I’ve made very serious (and hopefully substantive) arguments about why small government and free markets are the recipe for prosperity.
Simply stated, profit and loss is a powerful feedback mechanism, and entrepreneurs and business owners who want to make money face constant pressure to attract consumers by offering better products at affordable prices.
But let’s examine this issue today from a whimsical perspective. I found a couple of clever images on Reddit‘s libertarian page.
Here’s the first example, which will make instantaneous sense for anyone who’s ever walked into a McDonald’s and a DMV on the same day.
The second example is more elaborate, but makes a similar point. Those of us with gray hair have seen the amazing developments produced by the private sector in this collage.
But can anyone think of something that has improved in the public sector?
For what it’s worth, the two cars in the column for the private sector don’t look that different. But, once again, those with gray hair will probably remember how often they used to break down in the past. The computerized engines have greatly improved operations and maintenance. Not to mention map programs, built-in TVs for the kids in the back seat, and other positive changes.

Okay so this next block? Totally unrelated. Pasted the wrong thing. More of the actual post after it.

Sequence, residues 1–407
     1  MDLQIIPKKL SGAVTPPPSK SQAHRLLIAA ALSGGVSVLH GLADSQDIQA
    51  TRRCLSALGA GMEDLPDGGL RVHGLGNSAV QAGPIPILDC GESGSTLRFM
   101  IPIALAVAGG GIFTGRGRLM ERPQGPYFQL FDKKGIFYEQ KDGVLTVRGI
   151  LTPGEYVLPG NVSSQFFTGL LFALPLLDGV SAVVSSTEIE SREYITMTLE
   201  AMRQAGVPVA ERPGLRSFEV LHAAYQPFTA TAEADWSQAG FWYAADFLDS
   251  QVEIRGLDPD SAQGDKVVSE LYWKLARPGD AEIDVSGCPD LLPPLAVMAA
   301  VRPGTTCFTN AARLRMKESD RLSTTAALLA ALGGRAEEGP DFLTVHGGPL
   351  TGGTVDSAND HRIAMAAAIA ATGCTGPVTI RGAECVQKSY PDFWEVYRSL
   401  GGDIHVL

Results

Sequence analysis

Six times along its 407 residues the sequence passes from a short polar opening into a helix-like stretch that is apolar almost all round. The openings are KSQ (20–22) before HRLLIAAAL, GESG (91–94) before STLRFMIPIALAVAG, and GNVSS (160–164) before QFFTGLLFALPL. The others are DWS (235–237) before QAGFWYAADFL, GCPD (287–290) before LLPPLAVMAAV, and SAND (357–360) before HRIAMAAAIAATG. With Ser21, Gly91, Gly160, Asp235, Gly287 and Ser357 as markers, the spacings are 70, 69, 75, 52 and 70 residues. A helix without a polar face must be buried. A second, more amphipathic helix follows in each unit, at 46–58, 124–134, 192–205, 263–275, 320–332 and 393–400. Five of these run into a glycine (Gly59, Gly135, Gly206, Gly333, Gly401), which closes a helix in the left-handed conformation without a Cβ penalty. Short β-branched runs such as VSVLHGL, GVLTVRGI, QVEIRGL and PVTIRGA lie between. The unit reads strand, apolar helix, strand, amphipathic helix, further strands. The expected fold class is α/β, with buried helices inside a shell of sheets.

Let’s close with a serious point. Yes, business owners are greedy. They’re looking out for their own self-interest. They would love to charge us high prices.
But a system of free enterprise means that they can only earn money if they cater to our needs and wants. And so long as politicians aren’t showering them with bailouts, subsidies, protection, or handouts, that means they compete to provide us ever-better goods and services at ever-more-affordable prices.
In other words, Adam Smith was right.
Reprinted from International Liberty.
Daniel J. Mitchell is a Washington-based economist who specializes in fiscal policy, particularly tax reform, international tax competition, and the economic burden of government spending. He also serves on the editorial board of the Cayman Financial Review.
This article was originally published on FEE.org. Read the original article.